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Where To Watch The Entire Star Trek Franchise

It's been nearly 60 years since a little science fiction show called "Star Trek" premiered on NBC. Since then, Gene Roddenberry's experiment has grown and flourished into one of the most successful media franchises in history, spanning no fewer than 12 television series and 13 motion pictures, not to mention helping to establish modern genre fandom as we currently understand it. 

At the time of writing, there are also more "Star Trek" shows currently in production than there have ever been at any time in history. Whether we want to revisit the same characters and period of time as the original series with "Strange New Worlds," say farewell to Admiral Jean-Luc Picard (Patrick Stewart), or gaze even further into a wrecked future with "Star Trek: Discovery" (whose upcoming fifth season will be its last), there are countless opportunities to go where no one has gone before. And this isn't even counting the two animated series, "Prodigy" and "Lower Decks." 

Each new "Star Trek" fan, however, has a rather significant challenge in front of them — that is, to familiarize themselves with the events and lore that have already taken place in previous shows and films, to better understand what happens now. Luckily, we've already compiled a handy guide for the order to view all the "Star Trek" franchises in. But where exactly does one find each and every title on this admittedly long list?

All the TV series are available on Paramount Plus

When it comes to all of the various television iterations of "Star Trek," it is fairly straightforward. Viewers can find all of them on Paramount+, from the original series (including the first pilot, "The Cage," featuring Jeffrey Hunter as Christopher Pike captaining the Enterprise instead of William Shatner's Kirk) up through the current "Star Trek: Discovery," "Strange New Worlds," and "Picard." This also includes the series that originally aired from the late 1980s up through the early aughts: "The Next Generation," "Deep Space Nine," "Voyager," and "Enterprise."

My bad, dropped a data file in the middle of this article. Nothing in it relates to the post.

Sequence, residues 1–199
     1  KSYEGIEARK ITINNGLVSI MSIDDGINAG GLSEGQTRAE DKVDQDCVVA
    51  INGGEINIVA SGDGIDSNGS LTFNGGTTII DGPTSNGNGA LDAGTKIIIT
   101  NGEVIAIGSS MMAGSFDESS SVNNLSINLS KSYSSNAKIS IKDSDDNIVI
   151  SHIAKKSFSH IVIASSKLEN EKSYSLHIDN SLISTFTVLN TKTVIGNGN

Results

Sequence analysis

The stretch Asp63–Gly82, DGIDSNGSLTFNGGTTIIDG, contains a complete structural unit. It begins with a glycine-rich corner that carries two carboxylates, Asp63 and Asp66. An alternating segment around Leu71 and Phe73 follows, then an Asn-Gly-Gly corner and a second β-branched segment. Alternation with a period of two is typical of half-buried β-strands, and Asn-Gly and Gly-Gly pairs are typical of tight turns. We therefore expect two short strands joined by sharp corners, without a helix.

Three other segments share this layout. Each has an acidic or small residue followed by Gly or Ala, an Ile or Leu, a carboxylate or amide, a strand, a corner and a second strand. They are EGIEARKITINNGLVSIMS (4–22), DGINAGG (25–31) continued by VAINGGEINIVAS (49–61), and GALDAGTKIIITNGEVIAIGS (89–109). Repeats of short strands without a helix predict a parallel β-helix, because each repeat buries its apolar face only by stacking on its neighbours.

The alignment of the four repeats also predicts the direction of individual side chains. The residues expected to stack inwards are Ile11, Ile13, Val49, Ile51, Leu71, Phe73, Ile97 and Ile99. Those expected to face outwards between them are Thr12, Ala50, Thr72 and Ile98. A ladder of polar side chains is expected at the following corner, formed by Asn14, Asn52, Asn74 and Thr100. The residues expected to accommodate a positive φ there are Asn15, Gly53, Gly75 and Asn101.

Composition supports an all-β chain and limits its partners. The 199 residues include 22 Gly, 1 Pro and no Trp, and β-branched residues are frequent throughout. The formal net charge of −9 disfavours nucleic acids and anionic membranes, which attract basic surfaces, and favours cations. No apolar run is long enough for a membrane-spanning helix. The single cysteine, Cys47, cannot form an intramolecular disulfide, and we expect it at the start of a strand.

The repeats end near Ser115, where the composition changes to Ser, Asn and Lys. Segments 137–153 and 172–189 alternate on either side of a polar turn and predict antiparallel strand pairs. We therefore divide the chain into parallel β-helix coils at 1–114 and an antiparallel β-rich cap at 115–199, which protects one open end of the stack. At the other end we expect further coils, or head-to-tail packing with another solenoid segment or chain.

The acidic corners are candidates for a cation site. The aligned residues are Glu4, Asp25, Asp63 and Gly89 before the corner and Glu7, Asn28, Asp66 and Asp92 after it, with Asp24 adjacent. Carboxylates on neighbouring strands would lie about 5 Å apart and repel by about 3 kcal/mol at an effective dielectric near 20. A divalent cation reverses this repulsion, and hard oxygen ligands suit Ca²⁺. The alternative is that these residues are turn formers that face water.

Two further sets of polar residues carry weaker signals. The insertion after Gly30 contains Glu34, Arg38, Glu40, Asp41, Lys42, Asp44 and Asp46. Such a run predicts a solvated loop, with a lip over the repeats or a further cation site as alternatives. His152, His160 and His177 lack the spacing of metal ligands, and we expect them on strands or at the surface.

The streamer is also host to all of the animated entries in the "Star Trek" pantheon, including the first animated version that aired in the 1970s, and "Star Trek: Lower Decks." Paramount+ also carries "Star Trek: Prodigy," though episodes air on Nickelodeon first before they arrive on the streamer. "Short Treks," the series of short standalone stories that provide more in-depth exploration into the worlds of "Discovery," "Picard," and "Strange New Worlds," is also available there. 

Like we said, it's straightforward — at least for all the entries into the franchise that are or were televised at one point. When it comes to the motion pictures, however, it gets a bit more complicated.

Star Trek movies are found on different streamers

Let's start with the movies related to the original series, which follow the likes of Captain Kirk, Mr. Spock (Leonard Nimoy), Lieutenant Uhura (Nichelle Nichols) and the rest of the original crew of the USS Enterprise. In all, six movies were made that focused on this crew, starting with "Star Trek: The Motion Picture" in 1979 and ending with "Star Trek VI: The Undiscovered Country" in 1991. Though none are available to watch on Paramount+ along with their televised cousins, they are available on HBO Max.

Next are the four movies that revolved primarily around the characters of "The Next Generation," from Captain Picard and Commander William Riker (Jonathan Frakes) to Lieutenants LaForge (LeVar Burton) and Data (Brent Spiner). These are also all available to stream on HBO Max, starting with 1994's "Star Trek Generations" — which served as a kind of passing of the movie mantle from the cast of the original series to that of "TNG" — through 2002's "Star Trek: Nemesis." 

Finally, there's the Kelvin timeline, J.J. Abrams' split timeline with fresh takes on Kirk (Chris Pine), Spock (Zachary Quinto), Uhura (Zoe Saldana), and all the rest. All three of those films — "Star Trek," "Star Trek Into Darkness," and "Star Trek Beyond" — are available back on Paramount+.